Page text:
As a result of work by Silber and other pioneers, ovarian tissue can be saved, frozen, and replaced after treatment.


Preserving a man’s fertility is usually even simpler: 15 minutes in a quiet room with a cup. For some cancers, however, like childhood leukemia, the issue of preserving male fertility can be more problematic if the boy isn’t yet ejaculating, or there is concern that leukemia cells could be present. One experimental procedure is enabling scientists to remove testicular tissue, harvest the stem cells that give rise to sperm, and culture these. As these cells undergo passage from one generation to another, leukemia cells die off.

“So for a little boy, when he turns 20 or whatever, you can then culture these spermatogonial stem cells and get a pure colony,” Silber explains. “Then you inject those into seminiferous tubules [in the testes, where semen is produced] and get normal spermatogenesis. It’s been done in animals so far, and there’s no reason it won’t work in humans.”

Such technologies sound exciting, of course. But even when technology can preserve or rescue fertility, too many patients either don’t know about the possibilities, or they can’t afford it. That’s where groups like Fertile Hope, a national LIVESTRONG initiative, come in.

Consider: If Amy Tucker’s treatment had not been free of charge as an experiment, her son Grant would be but a dream. Simple sperm freezing can cost several hundred dollars plus a yearly storage fee; and one round of in vitro fertilization to create frozen embryos and implant them later can cost roughly $20,000. The fees for the ovary freezing (which Silber now does for free) would be much less than egg freezing, namely about $6000 instead of the $20,000 that IVF can cost. Unlike breast reconstruction for breast cancer survivors, which is usually covered by insurance, reproductive therapies are considered elective even when the need for those therapies is a direct result of cancer treatment. Silber says, “we are pushing for legislation that would mandate coverage for this complication of cancer treatment, that is, preservation of fertility.”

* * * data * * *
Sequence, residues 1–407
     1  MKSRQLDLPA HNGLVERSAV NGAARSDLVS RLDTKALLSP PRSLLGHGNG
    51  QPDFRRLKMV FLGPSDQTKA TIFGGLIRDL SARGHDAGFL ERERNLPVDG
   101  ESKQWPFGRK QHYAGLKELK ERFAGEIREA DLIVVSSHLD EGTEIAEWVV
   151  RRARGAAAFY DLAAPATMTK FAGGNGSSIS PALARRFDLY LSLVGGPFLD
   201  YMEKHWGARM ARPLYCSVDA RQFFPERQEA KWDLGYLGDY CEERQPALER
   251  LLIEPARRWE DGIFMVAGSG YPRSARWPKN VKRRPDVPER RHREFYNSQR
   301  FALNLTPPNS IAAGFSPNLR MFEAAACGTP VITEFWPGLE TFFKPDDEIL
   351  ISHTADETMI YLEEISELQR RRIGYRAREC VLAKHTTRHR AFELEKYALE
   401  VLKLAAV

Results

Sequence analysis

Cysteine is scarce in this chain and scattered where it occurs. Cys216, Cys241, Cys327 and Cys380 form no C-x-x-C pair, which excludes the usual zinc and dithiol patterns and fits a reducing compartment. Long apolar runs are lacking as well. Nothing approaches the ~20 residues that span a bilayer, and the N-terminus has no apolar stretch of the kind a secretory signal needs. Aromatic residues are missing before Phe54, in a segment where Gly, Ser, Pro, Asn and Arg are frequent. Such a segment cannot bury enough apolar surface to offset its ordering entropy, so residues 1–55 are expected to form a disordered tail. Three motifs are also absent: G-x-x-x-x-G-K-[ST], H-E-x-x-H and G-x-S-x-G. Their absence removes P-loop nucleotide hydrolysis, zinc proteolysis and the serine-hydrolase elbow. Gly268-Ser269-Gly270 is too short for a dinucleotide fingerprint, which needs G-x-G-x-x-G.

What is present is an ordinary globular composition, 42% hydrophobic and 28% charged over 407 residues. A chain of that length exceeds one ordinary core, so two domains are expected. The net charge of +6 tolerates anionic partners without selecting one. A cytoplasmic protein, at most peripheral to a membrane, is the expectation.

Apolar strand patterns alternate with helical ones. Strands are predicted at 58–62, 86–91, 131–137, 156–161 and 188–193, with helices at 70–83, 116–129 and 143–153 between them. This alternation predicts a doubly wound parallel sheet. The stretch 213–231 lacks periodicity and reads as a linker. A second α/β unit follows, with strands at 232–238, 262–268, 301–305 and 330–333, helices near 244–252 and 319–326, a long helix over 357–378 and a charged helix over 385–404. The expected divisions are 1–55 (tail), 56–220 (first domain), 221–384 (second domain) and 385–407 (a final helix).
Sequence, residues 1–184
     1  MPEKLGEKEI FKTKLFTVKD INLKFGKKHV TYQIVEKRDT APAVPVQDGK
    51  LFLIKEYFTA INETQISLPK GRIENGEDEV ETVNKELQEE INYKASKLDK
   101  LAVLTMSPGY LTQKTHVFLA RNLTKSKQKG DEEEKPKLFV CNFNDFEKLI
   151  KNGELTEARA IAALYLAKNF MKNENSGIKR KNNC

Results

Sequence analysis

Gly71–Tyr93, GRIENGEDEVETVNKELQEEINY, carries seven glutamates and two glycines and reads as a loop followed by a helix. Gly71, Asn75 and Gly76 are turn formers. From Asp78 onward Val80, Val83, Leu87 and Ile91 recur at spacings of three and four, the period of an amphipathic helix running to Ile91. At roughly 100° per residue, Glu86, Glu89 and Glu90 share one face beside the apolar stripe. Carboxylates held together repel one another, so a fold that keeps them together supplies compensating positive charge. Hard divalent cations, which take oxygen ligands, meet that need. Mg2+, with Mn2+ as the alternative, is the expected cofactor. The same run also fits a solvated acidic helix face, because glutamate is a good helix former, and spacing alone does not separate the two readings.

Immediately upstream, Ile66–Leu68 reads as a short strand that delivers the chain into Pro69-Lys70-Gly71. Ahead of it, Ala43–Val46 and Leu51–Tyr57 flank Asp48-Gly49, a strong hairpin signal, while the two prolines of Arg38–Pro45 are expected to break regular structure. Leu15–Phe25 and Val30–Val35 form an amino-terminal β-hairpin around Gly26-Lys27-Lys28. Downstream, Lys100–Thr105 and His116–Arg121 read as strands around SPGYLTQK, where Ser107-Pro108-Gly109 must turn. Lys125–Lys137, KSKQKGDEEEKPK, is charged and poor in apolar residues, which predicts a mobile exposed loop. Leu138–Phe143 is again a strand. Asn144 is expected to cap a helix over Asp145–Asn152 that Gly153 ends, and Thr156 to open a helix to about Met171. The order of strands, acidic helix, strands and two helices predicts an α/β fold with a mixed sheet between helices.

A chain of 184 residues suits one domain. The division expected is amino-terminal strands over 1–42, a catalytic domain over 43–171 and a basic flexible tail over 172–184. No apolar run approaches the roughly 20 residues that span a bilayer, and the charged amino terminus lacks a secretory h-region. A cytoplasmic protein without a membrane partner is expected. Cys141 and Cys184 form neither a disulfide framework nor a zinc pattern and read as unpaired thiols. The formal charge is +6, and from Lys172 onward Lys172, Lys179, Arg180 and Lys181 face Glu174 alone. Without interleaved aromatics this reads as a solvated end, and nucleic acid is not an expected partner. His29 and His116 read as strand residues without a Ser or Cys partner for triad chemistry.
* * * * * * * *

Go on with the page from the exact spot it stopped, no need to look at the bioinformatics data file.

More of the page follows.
“In order to move the meter you have to get consumers to push hard, get a whole movement going,” Silber says. “I was in Washington recently, talked to senators, even in the White House, and everybody told me the same thing. And that was: ‘You have got to contact the LIVESTRONG people. They know how to mobilize the public.’”

Such testing can be important even if a woman has restarted her periods. While she may have regained her fertility, her reserve of eggs may have been depleted by the cancer treatments. If she isn’t yet ready to start a family, she could have some of her remaining eggs, or some ovarian tissue, harvested and banked as a backup.

Tucker, now 33, undergoes regular hormone testing to check on her ovarian function because she knows that the effects of the groundbreaking slice transplant won’t last indefinitely. And she may go into menopause again soon. Then, it appears, she may need another transplant because she and Jason are hoping for more children. This is a serious call, and no fun, of course. But when she sees Grant, she thinks it’s well worth the pain and stress. “It truly is a miracle,” she says. “Every morning I wake up and I am so grateful we were blessed with him.”